Run iOS apps Natively on macOS With Catalyst!
Catalyst by Tutorials shows you how to take all of those great apps you’ve built on iOS and run them right on macOS. But like everything else with Apple, it’s not always as straightforward as you’d like it to be. This book will show you how to design your apps to work well on macOS, what you can and can not port between the two platforms, and any other “gotchas” to keep an eye out for when building apps under Catalyst.
This book is for developers who have a good handle on building iOS apps and want to learn how to port those apps to run on macOS as well.
What is Catalyst?
Formerly known as Marzipan to Apple insiders, Catalyst lets you extend your iPad apps to macOS. Under Catalina and Xcode 11, developers can start building their iPad apps with macOS as a target.
And we’re not just talking about grossly super-sized versions of iPad apps on your Mac; Catalyst apps will support native macOS controls and functionality, such as the familiar menu bar, support for mouse and keyboards, window resizing, proper scroll bars, Touch Bar support, and desktop-based drag and drop.
So if you’ve been hesitating to port your iPad apps to macOS because you just do not want to have to learn to develop for the desktop, then now is your time to start!
Before You Begin
This section tells you a few things you need to know before you get started, such as what you’ll need for hardware and software, where to find the project files for this book, and more.
Section I: Making a Great iPad App
Catalyst is all about letting you use code you’ve written for iOS on macOS. But not just any code. At least for now, you can only run code that is written for iPad on a Mac. And because most of the code will run on both platforms, before you dive in to running your app on your Mac, there are a few things you should do to make your code ready.
In this section, you’ll take an app written to run on iPhone and adapt it to run on iPad. Then you’ll add some features to make it behave like a first-class iPad citizen. And through the magic of Catalyst, these features will make your Mac app better too!
In this chapter, you’re getting your first look at the sample app that you’ll be interacting with in this book. Once you familiarize yourself with the basic functionality and architecture, you’ll take your first steps toward bringing the app to macOS.
Here, learn why you should use Split View Controller and gain Instruction on how to migrate from iPhone-style Navigation Controller with master-detail push to Split View Controller.
In this chapter, you’ll learn how to add support for dragging photos from other apps and dropping them into your app. You’ll also learn how to implement drag and drop for collection views with smooth animations and cell reordering.
In this chapter, you’ll learn how to enable a feature that has been available since the beginning on the Mac, and introduced with iOS 13 on the iPad, multi-window support.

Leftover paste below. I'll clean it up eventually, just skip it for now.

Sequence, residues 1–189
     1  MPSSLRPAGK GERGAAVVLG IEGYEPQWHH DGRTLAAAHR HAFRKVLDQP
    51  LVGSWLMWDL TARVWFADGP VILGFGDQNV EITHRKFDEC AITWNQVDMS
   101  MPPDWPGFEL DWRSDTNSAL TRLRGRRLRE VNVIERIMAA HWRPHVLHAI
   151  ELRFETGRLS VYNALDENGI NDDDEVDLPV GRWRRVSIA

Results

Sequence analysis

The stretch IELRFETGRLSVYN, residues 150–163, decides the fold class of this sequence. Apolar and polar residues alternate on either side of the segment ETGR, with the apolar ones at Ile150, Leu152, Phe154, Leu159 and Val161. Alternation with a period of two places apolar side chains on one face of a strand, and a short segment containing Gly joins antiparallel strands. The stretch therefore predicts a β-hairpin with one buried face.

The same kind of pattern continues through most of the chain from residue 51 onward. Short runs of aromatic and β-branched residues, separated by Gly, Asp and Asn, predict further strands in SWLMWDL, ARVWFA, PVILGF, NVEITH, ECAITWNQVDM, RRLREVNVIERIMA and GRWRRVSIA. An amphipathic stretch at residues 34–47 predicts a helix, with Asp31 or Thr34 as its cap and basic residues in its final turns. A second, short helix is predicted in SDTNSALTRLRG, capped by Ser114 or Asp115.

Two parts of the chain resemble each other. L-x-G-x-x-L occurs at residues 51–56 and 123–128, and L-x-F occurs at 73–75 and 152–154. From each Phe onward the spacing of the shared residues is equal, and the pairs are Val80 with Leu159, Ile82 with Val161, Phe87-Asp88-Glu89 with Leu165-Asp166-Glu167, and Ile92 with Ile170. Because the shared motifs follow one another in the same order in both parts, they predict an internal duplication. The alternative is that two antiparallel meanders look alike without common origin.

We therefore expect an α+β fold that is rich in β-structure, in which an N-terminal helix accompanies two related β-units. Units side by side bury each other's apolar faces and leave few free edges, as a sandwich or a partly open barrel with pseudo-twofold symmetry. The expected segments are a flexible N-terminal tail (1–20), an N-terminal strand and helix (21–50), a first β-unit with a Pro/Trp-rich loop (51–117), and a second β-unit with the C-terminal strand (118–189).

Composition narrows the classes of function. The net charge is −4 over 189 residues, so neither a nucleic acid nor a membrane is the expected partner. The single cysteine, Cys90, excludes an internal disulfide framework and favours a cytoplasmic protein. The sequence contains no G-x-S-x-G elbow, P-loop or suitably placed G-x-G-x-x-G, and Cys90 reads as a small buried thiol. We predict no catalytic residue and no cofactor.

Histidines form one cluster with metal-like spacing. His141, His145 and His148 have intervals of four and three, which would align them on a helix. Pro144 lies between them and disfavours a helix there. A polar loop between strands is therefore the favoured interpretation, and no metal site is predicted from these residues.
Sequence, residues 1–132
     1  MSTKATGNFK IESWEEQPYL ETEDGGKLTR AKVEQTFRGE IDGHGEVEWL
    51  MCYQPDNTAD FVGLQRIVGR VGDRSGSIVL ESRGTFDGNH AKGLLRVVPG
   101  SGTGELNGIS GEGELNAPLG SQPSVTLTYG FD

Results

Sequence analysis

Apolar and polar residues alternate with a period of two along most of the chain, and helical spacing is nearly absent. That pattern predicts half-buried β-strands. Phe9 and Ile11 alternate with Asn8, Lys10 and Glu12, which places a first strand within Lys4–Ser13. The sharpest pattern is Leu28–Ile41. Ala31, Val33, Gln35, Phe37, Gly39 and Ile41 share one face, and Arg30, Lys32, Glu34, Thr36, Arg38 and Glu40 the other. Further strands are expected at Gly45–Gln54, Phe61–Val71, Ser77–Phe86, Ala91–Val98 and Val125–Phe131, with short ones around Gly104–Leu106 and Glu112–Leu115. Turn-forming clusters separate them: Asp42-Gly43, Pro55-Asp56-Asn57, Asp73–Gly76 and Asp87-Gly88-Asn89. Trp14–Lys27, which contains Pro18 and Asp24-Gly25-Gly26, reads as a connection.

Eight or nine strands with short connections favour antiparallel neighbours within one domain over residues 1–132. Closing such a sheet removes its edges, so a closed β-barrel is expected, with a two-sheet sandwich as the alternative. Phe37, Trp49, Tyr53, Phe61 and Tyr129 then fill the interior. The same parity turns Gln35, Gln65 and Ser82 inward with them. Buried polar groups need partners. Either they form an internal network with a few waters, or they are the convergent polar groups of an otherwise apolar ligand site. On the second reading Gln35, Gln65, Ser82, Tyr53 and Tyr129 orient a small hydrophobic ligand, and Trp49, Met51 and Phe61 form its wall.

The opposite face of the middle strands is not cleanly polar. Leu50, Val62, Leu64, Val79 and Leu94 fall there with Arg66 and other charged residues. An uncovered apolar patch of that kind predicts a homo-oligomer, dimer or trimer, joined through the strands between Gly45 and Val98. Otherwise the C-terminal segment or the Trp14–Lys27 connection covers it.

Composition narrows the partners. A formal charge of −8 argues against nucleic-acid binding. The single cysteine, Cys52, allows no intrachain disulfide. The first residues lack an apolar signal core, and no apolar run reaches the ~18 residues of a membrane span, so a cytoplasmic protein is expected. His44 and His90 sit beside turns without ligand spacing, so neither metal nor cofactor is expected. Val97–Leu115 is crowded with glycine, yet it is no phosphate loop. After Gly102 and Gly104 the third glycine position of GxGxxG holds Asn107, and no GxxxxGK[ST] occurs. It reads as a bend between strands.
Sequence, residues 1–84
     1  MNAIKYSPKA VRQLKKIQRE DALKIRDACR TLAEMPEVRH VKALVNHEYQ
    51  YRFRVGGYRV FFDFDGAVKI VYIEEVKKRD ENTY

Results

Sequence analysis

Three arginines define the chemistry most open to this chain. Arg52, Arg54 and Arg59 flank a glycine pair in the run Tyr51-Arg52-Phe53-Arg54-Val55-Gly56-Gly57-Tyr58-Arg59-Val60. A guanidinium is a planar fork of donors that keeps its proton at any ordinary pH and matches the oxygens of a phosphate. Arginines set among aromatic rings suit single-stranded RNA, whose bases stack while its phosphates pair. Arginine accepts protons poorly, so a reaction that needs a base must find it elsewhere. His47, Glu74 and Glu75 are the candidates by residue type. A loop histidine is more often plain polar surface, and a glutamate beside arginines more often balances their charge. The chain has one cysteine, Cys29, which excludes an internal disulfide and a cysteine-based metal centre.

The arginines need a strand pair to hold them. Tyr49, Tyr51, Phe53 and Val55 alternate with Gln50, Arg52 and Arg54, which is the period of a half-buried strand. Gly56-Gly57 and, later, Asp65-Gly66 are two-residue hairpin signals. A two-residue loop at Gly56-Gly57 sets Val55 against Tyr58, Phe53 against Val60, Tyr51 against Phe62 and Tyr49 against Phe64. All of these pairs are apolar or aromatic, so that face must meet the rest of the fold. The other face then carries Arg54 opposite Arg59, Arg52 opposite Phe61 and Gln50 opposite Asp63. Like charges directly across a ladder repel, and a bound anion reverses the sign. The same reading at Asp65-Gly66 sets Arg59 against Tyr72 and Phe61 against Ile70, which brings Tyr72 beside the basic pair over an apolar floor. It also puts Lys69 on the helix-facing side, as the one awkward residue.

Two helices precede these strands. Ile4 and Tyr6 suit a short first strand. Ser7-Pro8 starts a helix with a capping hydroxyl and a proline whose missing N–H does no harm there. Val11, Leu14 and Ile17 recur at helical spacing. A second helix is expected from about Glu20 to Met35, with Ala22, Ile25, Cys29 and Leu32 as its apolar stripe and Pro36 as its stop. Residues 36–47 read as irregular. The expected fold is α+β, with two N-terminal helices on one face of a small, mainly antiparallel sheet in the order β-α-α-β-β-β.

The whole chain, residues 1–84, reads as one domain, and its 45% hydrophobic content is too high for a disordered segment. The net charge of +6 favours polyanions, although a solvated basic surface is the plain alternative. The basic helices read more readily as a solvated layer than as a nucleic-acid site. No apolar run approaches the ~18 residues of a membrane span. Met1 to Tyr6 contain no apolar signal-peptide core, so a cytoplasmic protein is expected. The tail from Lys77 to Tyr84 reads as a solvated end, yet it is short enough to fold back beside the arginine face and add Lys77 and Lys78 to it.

In this chapter, you’ll learn about context menus, adding support for long-press menus on iPad and how these menus automatically port to the Mac.
In this chapter, learn how to use keyboard commands to navigate across a list and delete items, as well as the UIKeyCommand and setting first responder.
Learn layout preferences, and override individual items from dark mode, similar to Mail.app and the reader pane.
Section II: Making a Great Mac App
The good news is that most of your code will be useful for both iPad and Mac platforms. But what about the things that are Mac-specific: like mouse support, Touch Bar support and more?
In this section, you’ll take your first-rate iPad app and add Mac-specific touches to make it work well on macOS.
In this chapter, you’re taking things to the next level by making some adjustments that’ll really make your app shine when running on macOS via Catalyst. Throughout the rest of this section, you’ll go deeper on several other Mac-specific features. When you’re done, you’ll have the makings of a world-class Mac app.
In this chapter, you’ll learn to implement PointerStyleProvider and UIHoverGestureRecognizer to show a shadow effect or to change the default mouse pointer, when hovering over a diary entry in the sample app. You’ll also learn to accessorize your mouse pointers using UIPointAccessory that’s new in iOS 15. You’ll look at the differences between iOS / iPadOS and touch targets in macOS.
In this chapter, you’ll learn all about the menu bar by trimming the default menu bar, as well as adding new items to delete, share and add new diary entries.
In this chapter, you’ll learn to customize the toolbar items, including Add, Share and Delete.
In this chapter you’ll continue to develop your app by adding the toolbar items to the Touch Bar.
Section III: Distributing Your App
Congratulations! You now have a Mac app. But getting that app, first to your testers and then to your users can be a little different than on iOS.
In this section, you’ll learn how to roll out your app for beta testing using TestFlight. You’ll then learn the options for distributing your app and how those options work.
In this chapter, you’ll read about the pros and cons of distributing on the Mac App Store, test your app using TestFlight and learn how to go from Xcode to a released app on the App Store.
In this chapter, you’ll learn how to make sure everyone with macOS can run your app, as well as how to improve the installation experience for your potential users.